Sat11222014

News

LASD conducts survey on potential school bond


Town Crier File Photo
Bullis Charter School students file into a portable classroom. A potential school bond may include portable classroom replacement and new multipurpose rooms for the school among other facility projects.

A bond measure to improve local school facilities may be on the horizon.

The Los Altos School District is surveying likely voters on what they would support in terms of a possible November bond. In December, the district board of trustees approved a contract with EMC Research to poll local voters on whether they would approve a school bond and the parameters for an affirmative vote.

“The survey evaluates not only overall support, but also attempts to examine nuances to community sentiment,” Trustee Doug Smith wrote in an email to the Town Crier. “We will be receiving the results of that survey in an upcoming board meeting.”

If the district decides to place a bond measure on the November ballot, it would require 55 percent approval to pass. The amount of the bond could total up to $30 per $100,000 in assessed home value in the district, which would raise approximately $150 million.

When the district last polled the community in 2012, the results were not favorable enough to convince officials to place the measure on the ballot.

The district has had to deplete its annual capital funds to pay for facilities for the past several years and has a number of projects that could be completed with bond funds. In addition to facilities needs, the district has experienced several years of enrollment growth, with schools approaching capacity. Projected bond-measure projects could include field restoration; solar power enhancements; portable classroom replacements; new offices, libraries and multipurpose rooms for schools that need them; and additional facilities to handle increasing enrollment.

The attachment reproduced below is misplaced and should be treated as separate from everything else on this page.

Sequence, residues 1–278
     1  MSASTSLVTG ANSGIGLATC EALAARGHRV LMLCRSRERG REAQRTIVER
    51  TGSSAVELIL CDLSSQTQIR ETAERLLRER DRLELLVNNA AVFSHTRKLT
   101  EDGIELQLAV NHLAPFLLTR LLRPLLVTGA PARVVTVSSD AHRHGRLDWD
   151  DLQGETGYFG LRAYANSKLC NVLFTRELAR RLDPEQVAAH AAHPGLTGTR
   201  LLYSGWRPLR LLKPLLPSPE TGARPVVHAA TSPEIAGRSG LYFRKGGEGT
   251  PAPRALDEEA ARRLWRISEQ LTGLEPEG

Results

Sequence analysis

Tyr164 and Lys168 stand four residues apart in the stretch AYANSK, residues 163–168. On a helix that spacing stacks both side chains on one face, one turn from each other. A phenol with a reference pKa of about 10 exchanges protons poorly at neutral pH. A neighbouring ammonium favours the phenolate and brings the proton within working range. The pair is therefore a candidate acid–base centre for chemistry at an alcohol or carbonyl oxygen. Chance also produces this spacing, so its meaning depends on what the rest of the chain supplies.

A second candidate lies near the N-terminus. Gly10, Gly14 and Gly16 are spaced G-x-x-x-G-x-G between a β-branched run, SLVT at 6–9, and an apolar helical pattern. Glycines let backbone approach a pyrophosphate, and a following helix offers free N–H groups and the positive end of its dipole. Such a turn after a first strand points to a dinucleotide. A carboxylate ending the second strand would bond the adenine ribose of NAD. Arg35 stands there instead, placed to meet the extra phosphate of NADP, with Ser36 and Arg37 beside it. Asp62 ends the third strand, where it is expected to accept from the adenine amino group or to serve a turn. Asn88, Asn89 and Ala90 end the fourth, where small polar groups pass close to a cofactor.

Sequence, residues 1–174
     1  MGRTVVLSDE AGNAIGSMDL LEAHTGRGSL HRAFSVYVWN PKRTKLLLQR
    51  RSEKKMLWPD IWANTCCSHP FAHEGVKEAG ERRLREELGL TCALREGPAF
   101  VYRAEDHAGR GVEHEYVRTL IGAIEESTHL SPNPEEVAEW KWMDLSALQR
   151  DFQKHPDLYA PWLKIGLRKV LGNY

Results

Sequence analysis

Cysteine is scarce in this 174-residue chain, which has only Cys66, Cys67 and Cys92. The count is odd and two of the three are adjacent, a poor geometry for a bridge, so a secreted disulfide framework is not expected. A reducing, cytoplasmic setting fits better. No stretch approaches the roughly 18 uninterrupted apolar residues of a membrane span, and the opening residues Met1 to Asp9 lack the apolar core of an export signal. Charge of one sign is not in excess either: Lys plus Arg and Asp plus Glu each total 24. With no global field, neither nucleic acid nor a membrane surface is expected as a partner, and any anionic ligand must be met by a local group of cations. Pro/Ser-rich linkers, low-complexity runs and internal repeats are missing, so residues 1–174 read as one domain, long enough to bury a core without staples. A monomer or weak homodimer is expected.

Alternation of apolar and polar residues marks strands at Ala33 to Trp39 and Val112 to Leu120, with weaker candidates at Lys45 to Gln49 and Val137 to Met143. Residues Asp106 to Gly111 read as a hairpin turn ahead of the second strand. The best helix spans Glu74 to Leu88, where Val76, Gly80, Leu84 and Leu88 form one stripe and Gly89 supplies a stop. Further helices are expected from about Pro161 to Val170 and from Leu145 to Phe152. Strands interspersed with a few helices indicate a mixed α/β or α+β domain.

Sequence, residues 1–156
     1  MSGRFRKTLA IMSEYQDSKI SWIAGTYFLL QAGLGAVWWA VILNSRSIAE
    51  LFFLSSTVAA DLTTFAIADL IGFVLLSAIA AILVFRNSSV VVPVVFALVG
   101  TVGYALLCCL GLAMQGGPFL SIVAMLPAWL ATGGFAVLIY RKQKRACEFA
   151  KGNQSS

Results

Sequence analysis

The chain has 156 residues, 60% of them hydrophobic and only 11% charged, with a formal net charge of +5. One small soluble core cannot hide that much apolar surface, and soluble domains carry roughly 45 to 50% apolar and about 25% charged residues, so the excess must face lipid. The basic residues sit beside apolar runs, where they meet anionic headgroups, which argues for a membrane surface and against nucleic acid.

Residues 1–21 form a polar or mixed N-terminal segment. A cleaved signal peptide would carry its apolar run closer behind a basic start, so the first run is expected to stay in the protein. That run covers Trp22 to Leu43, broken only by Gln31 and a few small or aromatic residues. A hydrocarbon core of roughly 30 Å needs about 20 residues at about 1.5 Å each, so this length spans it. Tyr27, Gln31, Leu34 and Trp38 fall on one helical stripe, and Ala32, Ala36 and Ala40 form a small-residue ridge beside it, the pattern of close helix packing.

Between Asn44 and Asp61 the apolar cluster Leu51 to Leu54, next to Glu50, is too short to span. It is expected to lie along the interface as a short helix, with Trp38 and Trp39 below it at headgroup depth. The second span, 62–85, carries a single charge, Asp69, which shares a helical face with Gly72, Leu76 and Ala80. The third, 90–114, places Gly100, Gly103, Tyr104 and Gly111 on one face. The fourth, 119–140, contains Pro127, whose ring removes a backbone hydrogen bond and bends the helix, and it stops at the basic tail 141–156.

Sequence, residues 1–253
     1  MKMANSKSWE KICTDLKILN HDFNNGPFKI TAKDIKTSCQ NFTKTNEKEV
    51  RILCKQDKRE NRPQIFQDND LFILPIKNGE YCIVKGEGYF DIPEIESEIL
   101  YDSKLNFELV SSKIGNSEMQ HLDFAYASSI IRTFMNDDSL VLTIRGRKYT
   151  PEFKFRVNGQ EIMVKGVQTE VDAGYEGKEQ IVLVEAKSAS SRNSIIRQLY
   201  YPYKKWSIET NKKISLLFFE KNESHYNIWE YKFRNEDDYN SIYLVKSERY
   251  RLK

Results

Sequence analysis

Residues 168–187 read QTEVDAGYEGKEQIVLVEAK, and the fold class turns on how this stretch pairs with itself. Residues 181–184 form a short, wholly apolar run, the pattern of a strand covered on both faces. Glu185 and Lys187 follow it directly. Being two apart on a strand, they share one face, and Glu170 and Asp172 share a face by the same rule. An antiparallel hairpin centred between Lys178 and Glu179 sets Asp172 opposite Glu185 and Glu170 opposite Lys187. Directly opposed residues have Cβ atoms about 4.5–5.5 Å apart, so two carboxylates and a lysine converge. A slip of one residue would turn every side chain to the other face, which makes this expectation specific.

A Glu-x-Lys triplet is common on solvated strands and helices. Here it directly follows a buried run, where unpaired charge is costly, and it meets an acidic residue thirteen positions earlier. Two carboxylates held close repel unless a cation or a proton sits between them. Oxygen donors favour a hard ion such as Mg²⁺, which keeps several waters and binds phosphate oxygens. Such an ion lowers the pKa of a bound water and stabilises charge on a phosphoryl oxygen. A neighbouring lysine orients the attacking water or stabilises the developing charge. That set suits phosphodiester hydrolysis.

After long-term discussions with Bullis Charter School officials recently ground to a halt, the decision as to whether a new campus or improved facilities for the charter school would be integrated into a bond remains up in the air.

“The district asked Bullis Charter School to take concrete steps to address community concerns over their enrollment practices,” Smith said. “Unfortunately, they were unwilling to agree to a measurable outcome, which will undoubtedly affect support for the bond, as will the ongoing litigation. Whether we are able to overcome the impact of those issues is what we will learn from the poll.”

The district board is scheduled to meet Monday and may review the phone survey results at that time.

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